Jack Etchingham, a second-year student at Chicago-Kent College of Law, has won the 27th annual Ilana Diamond Rovner Appellate Advocacy Competition, sponsored by the law school’s Moot Court Honor Society. The competition is named for Chicago-Kent graduate Ilana Diamond Rovner, judge of the United States Court of Appeals for the Seventh Circuit.
This year, students argued Gamble v. United States, a case involving a convicted felon who was charged by both state and federal officials with possession of a firearm by a felon after police found a handgun in his car during a 2015 traffic stop. At issue is whether the U.S. Supreme Court should overrule the separate-sovereigns exception to the Fifth Amendment’s Double Jeopardy Clause, which allows a defendant to be prosecuted under state and federal law for the same underlying crime.
In the final round of competition, Etchingham argued against Alec Kraus ’20. As first-place winner, Etchingham received the Ilana Diamond Rovner Award for Outstanding Appellate Advocate.
Etchingham graduated from the University of Illinois at Urbana-Champaign with a degree in finance and spent three years before law school working as a technology risk consultant at KPMG LLP in Chicago. He clerked in the Medical Litigation Department of the Cook County State’s Attorney’s Office last summer. Etchingham is currently a judicial extern for the U.S. District Court for the Northern District of Illinois through the law school’s Judicial Externship Program. Additionally, he is a member of the Chicago-Kent Law Review and a teaching assistant for a first-year Torts class.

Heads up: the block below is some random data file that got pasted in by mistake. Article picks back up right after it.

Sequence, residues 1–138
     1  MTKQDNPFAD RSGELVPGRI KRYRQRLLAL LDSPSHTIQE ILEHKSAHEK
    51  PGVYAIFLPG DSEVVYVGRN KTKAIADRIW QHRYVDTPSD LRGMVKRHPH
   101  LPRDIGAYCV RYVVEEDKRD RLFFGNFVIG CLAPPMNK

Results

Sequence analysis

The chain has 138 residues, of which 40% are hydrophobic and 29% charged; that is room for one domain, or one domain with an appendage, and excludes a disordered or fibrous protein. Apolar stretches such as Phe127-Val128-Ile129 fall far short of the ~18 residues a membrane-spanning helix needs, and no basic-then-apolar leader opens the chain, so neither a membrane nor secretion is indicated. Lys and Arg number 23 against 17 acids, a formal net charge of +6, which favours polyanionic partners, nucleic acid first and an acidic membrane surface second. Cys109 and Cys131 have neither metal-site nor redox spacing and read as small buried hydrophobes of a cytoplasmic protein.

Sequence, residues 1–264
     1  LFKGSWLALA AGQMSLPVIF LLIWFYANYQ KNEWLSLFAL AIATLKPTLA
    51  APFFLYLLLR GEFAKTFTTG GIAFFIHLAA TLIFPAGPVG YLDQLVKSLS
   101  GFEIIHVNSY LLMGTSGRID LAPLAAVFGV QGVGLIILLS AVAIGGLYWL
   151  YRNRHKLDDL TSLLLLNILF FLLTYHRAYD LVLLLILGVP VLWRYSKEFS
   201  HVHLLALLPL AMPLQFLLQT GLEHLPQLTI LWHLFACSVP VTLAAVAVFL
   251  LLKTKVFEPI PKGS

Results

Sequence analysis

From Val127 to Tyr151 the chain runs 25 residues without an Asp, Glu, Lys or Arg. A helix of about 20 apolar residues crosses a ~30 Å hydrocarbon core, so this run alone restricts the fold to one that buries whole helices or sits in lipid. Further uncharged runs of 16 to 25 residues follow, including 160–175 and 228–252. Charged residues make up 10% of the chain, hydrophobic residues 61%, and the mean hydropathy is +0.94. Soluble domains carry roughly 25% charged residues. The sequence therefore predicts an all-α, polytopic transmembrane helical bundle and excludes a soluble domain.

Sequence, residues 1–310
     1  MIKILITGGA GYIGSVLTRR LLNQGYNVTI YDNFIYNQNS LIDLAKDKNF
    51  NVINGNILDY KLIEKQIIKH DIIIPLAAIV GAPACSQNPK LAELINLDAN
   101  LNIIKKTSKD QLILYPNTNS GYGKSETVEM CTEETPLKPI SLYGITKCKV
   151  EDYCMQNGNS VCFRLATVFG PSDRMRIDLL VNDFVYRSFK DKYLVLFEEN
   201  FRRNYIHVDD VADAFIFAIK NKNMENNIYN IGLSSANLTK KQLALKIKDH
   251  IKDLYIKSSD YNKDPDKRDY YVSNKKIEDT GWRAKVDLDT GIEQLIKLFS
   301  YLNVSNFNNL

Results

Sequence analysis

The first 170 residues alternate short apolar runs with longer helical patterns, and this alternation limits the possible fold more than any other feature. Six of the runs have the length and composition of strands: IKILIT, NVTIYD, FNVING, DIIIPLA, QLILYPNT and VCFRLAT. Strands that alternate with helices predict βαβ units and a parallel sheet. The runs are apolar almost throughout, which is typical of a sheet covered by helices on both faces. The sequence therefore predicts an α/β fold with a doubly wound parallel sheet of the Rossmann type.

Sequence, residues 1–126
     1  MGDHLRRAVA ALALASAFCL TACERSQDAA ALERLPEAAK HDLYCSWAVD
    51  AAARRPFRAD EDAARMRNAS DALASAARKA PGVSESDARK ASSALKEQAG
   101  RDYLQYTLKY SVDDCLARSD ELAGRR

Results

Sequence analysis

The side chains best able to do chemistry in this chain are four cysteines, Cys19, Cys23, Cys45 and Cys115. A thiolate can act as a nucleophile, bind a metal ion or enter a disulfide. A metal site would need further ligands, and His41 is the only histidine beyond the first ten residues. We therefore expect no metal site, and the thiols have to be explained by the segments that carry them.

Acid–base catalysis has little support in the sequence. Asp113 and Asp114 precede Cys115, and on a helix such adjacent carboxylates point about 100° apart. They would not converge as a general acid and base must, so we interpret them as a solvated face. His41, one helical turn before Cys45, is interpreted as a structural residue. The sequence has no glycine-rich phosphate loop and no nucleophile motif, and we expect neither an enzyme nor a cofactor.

Kraus, who placed second, won the Fay Clayton Award for Outstanding Oral Advocate. Fay Clayton, who graduated with honors from Chicago-Kent in 1978, was a founding shareholder of the Chicago law firm of Robinson, Curley and Clayton, P.C., until she retired in 2016.
Second-year student Mitchell Bild received the Ralph L. Brill Award for Best Brief. Professor Ralph Brill, who taught at Chicago-Kent from 1961 through late 2016, founded the law school’s legal research and writing program and its award-winning moot court program.
The final round of the competition was judged by a distinguished panel that included the Honorable Ilana Diamond Rovner; the Honorable Mary L. Mikva of the Illinois Appellate Court, First District; and Chicago-Kent Dean Harold J. Krent.
Established in 1992, the Ilana Diamond Rovner Program in Appellate Advocacy provides training for students in Chicago-Kent’s Moot Court Honor Society. Students in the program complete intensive course work in appellate litigation, represent the law school in appellate advocacy tournaments throughout the United States, and are eligible to participate in the Ilana Diamond Rovner Competition.